In October, 2017, wildfires ravaged Sonoma County, California, destroying more than 5,000 structures. In their report, “Built to Burn,” for Reveal, Eric Sagara and Alexandra Kanik link the 2017 Sonoma County wildfires to those that scorched the Sonoma County community of Fountaingrove in 1964.
Few of the residents affected by the wildfires in 2017 were aware of the region’s fire history.
New construction projects require inspection by local fire marshals, and these inspections are intended to assist homeowners in adopting practices that reduce the potential wildfires starting and increase the likelihood of firefighters being able to defend those homes in the event of a wildfire. However, as Sagara and Kanik reported, many Sonoma County residents were unaware that they were living in an area that was at a high-risk for wildfire.
Since the 1964 fire, “decades of development and sprawl into previously wild areas” have intensified the fire risk in the region.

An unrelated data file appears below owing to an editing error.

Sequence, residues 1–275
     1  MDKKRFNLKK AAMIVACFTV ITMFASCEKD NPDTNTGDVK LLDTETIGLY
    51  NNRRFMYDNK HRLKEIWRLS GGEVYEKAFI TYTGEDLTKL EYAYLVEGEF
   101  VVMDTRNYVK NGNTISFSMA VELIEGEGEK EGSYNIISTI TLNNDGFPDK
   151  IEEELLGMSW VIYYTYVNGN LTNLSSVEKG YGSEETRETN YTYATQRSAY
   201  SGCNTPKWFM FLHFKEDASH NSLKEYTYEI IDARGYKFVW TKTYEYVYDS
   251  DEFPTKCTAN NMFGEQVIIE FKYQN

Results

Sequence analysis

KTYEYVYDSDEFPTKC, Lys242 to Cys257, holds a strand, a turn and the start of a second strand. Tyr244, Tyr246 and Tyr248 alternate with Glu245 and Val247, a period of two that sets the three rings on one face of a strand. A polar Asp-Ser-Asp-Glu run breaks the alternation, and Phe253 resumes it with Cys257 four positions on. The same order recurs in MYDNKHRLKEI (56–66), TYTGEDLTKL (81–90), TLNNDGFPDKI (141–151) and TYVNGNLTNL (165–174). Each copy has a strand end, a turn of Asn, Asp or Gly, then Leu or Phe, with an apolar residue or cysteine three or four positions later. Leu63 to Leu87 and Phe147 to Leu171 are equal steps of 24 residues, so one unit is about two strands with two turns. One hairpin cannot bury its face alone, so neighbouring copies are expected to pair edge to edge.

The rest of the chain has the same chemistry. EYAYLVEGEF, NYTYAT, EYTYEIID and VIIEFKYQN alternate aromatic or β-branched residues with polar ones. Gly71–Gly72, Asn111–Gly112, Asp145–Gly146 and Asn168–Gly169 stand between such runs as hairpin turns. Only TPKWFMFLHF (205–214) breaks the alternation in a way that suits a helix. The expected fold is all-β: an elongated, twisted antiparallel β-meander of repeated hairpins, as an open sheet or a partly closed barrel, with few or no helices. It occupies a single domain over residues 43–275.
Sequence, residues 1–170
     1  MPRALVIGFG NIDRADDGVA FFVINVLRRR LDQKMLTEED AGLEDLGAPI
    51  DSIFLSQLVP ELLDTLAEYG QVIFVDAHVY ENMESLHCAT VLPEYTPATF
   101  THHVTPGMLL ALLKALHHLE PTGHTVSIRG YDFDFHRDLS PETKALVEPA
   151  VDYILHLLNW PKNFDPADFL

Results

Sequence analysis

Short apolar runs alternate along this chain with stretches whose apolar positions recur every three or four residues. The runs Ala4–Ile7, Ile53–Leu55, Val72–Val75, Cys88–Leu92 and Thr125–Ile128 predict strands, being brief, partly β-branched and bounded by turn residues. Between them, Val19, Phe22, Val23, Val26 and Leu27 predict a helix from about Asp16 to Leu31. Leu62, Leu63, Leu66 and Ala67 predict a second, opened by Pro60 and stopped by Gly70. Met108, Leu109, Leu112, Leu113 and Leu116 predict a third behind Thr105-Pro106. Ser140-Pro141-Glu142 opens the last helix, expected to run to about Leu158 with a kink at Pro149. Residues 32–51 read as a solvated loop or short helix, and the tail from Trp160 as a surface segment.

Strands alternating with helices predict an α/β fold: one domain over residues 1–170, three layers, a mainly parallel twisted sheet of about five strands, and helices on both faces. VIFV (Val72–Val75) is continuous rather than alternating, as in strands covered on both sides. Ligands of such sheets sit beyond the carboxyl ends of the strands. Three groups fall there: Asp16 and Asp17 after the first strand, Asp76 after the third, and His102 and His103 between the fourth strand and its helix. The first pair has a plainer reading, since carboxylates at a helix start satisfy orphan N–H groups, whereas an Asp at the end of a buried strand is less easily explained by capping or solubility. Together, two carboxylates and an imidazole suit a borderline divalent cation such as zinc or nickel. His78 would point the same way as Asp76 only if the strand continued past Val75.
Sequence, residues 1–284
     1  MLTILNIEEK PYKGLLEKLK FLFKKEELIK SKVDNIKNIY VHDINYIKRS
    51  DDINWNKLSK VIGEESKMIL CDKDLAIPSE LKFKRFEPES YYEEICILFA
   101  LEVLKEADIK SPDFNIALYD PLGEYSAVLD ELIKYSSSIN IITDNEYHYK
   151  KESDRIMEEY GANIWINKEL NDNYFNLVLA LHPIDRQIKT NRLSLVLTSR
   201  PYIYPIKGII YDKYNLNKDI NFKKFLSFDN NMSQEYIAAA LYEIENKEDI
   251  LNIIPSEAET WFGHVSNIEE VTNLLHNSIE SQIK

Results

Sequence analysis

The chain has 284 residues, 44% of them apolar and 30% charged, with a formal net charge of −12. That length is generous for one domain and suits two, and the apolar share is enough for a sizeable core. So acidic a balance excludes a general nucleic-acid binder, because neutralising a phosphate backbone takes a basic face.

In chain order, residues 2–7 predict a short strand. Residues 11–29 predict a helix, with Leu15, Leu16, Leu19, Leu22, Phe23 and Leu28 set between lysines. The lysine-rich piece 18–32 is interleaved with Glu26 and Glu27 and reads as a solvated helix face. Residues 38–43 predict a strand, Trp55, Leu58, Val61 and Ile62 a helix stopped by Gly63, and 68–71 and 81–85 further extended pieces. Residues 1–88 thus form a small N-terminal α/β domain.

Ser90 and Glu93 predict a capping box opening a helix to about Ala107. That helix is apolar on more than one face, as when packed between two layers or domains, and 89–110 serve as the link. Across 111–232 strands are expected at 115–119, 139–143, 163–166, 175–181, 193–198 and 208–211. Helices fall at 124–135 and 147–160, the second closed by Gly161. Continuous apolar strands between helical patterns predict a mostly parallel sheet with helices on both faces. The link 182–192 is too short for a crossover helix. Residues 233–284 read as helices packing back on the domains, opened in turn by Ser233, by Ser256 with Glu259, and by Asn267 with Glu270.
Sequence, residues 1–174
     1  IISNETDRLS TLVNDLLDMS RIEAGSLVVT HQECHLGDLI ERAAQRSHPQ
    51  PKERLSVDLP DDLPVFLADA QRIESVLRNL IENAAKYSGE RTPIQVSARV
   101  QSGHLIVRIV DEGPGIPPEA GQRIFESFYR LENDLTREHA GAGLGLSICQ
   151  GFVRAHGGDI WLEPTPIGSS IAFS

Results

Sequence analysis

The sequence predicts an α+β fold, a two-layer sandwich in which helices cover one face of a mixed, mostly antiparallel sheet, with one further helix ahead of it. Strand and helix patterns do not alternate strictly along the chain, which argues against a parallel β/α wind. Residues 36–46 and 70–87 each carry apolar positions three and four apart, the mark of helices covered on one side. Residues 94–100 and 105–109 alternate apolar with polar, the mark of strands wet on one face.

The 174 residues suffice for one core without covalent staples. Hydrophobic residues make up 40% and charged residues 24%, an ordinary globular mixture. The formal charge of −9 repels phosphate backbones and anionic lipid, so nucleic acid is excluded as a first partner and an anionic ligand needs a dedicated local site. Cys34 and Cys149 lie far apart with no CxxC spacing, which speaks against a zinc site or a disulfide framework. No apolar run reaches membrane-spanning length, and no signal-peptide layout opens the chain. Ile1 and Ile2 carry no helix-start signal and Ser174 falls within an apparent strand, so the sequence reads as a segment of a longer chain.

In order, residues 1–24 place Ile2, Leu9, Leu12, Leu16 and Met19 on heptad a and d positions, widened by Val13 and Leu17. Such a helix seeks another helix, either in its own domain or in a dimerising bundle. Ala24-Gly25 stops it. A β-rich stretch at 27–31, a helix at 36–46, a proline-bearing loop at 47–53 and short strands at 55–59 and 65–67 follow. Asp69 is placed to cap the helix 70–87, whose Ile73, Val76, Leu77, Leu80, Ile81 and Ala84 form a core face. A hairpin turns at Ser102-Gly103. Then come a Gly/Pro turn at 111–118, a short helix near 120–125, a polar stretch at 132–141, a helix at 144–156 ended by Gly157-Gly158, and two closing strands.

According to the article, realtors and builders are required by law to disclose flood zones to potential buyers, but they are not required by law to disclose the potential risk for wildfires.
“Now,” Sagara and Kanik reported, “the question is whether stronger building codes and fireproof building materials can make these neighborhoods safe, or whether officials need to reconsider their approach to building where the risk of wildfire is highest.”
Source: Eric Sagara and Alexandra Kanik, “Built to Burn,” Reveal (Center for Investigative Reporting), March 14, 2018, https://www.revealnews.org/article/built-to-burn/.
Student Researcher: Kollin Jakubczak (Indian River State College)
Faculty Evaluator: Elliot D. Cohen (Indian River State College)